2) Best Practices and Tools. Among my many goals in this category: connect innovators in far-flung places; identify gaps and fill them (everything from attention to financing and teams), identify and propagate the best practices globally to those who don’t have the time or resources for R&D [research and development]. This will include tools as well as practices.
One thing I’m anxious to do is use our site as a test bed (or maybe playground) for cool ideas and tools. Anyone who has ideas, I’d love to hear them.
3. Education, Training, Advice/Consulting. We’re open to everyone here: citizens who want to participate in the process; media professionals who want to use these technologies and want to work with citizens; companies that need to understand what is happening; and anyone else who cares.
We won’t be just telling them what’s what. We want them to join us to help figure it all out. I hope to build teams of folks — via collaborations for the most part — who participate in a variety of ways. If we do it right, we can bridge some of the chasms between the public interest and commerce, management and labor, media and audience.
At the moment, I think I’d rather leave conferences to other folks who are better equipped to do them. As for my university partners, needless to say I’m honored by their support. Both [Berkeley and Harvard] have lots of smart folks who are interested in this phenomenon, and want to help make it happen in a good way. I’ll be working with students and faculty as much as possible, and hope to get some collaboration going between the two universities. I’m working with the Berkeley folks on new-media instruction ideas as well, and will be teaching a (specific subject yet to be determined) course there next fall.
Q: How far along do you see the evolution of citizen media? Are we in the beginning stages or maturing somewhat?
Gillmor: We’re early. I don’t know, using the baseball metaphor, whether we’re in the first or second inning, but I don’t think we’re beyond that.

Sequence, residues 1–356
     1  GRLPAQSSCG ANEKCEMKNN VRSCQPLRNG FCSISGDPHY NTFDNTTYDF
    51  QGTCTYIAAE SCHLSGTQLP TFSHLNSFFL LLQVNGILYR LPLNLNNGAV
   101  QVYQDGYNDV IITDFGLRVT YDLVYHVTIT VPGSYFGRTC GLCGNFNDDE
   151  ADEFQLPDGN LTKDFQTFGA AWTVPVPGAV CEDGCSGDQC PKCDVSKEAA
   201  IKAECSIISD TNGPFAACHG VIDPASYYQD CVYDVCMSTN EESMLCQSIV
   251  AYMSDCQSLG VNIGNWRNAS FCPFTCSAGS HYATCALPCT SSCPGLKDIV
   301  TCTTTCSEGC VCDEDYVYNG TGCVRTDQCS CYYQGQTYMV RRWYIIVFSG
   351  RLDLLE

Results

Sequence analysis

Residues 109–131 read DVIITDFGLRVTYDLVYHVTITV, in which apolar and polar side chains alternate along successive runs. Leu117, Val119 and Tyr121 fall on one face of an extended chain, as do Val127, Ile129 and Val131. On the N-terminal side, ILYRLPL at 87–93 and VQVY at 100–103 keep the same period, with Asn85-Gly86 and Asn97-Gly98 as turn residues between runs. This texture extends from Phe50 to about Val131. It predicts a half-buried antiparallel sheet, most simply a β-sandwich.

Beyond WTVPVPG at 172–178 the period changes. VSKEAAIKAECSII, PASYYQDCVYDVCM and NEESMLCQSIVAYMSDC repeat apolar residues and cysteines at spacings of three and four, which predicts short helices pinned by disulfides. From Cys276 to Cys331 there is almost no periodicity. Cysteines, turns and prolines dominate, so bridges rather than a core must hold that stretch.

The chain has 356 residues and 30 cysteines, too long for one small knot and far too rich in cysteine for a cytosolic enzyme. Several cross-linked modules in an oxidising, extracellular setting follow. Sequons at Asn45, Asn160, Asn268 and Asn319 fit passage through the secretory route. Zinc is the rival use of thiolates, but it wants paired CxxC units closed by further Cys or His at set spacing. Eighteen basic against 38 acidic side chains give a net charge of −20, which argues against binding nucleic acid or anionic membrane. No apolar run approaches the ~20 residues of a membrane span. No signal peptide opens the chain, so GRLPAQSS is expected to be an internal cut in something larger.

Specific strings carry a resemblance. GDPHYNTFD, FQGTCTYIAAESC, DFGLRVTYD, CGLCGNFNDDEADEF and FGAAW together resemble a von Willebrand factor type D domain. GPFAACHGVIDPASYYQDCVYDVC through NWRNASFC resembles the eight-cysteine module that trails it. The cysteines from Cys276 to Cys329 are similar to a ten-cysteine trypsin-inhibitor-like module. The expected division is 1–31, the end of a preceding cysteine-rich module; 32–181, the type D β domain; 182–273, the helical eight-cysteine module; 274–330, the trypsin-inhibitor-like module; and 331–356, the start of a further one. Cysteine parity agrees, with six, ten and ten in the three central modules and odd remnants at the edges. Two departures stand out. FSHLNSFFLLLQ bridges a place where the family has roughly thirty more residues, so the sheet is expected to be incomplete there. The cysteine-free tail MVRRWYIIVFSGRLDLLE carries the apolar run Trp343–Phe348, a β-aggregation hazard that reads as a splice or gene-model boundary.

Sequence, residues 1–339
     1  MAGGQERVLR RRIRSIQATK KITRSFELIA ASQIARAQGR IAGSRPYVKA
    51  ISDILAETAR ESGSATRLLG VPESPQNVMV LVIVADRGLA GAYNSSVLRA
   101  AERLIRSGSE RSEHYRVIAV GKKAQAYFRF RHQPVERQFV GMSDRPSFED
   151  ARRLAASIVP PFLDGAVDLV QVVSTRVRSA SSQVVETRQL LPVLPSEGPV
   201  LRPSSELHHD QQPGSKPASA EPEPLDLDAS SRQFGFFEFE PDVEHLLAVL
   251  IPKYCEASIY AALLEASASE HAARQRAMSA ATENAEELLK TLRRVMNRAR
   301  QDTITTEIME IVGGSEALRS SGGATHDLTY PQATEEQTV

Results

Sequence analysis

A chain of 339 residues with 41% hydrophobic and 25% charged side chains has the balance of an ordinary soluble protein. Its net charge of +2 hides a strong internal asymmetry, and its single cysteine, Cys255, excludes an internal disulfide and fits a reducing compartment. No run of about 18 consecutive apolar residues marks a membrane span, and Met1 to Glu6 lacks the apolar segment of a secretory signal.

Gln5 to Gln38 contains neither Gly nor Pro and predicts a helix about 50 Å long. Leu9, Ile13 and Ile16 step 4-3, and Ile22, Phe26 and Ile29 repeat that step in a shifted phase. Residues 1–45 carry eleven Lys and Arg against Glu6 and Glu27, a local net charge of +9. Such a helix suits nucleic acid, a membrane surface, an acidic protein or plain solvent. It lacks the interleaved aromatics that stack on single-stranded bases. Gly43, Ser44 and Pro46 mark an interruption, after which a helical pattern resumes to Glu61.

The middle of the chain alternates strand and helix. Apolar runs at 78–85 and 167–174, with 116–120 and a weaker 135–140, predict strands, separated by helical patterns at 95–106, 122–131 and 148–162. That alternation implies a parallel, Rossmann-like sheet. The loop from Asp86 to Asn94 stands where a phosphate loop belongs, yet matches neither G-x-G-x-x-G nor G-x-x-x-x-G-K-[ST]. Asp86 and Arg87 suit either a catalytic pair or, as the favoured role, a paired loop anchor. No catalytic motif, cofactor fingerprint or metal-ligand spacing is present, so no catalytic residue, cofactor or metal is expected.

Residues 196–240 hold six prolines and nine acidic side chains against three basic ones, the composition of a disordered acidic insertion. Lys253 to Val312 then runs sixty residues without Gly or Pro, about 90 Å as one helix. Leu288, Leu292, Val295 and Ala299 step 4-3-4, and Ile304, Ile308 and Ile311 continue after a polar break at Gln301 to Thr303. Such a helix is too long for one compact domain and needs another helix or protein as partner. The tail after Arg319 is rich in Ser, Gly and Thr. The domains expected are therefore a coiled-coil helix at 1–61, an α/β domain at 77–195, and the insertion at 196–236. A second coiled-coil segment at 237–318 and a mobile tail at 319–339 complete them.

That said, this is likely to be an accelerating process. The tools are getting fairly robust, and as the major media see their business model unravel (and for the most part fail to adapt, to my amazement), extremely smart people are moving quickly into the field.
Q: What are the biggest challenges for running a citizen media operation, either independently or within a news organization?
Gillmor: This is a long, long topic. My recent posting discusses how one independent site saw it. I still believe big news organizations could thrive in this environment, given their historical and current reach in their communities. For reasons that elude me they’re basically not trying.
The biggest challenge for everyone in this space is keeping our eye on something crucial: This is all about shifting from the lecture toward a conversation — and also remembering what I’ve been calling the first rule of conversations: You have to listen. We all have things to offer, but we all have more to learn.
And, again, we have to stress the bottom line on which everything else rests: It’s about the audience (even if they’re participants). If there’s not enough worthwhile to bring them in, the rest is relatively unimportant.
Q: Do we need a new name for citizen media?
We need many names for it, most likely, because it’s about creating, communicating and collaborating. That covers a lot of ground. I mean, look at the differences among things like wikis, solo blogs, podcasts, discussion groups, mashups and the like. Even within those categories, the variety is enormous.
What they all have in common is the idea of a web that’s read-write, though, where we can publish almost as easily as we can read. Citizen media will live, and I believe thrive, in an ecosystem that includes lots and lots of styles and aims.
Q: What is the end goal of citizen media and how can it eventually transform our society?
Gillmor: People will pick their own goals. That’s the best part of this, in a way.
For me, in the context of journalism, this is about moving toward two things. First, we can’t afford to have an ignorant citizenry; the stakes are too high.
Second, I’m convinced that the process of becoming more engaged with current events can lead people to become more active, and even activists. Self-government, if I’m right, is becoming something we do every day, not something we react to (mostly on Election Day, if we even vote). I think that would be a positive development, maybe even a vital one.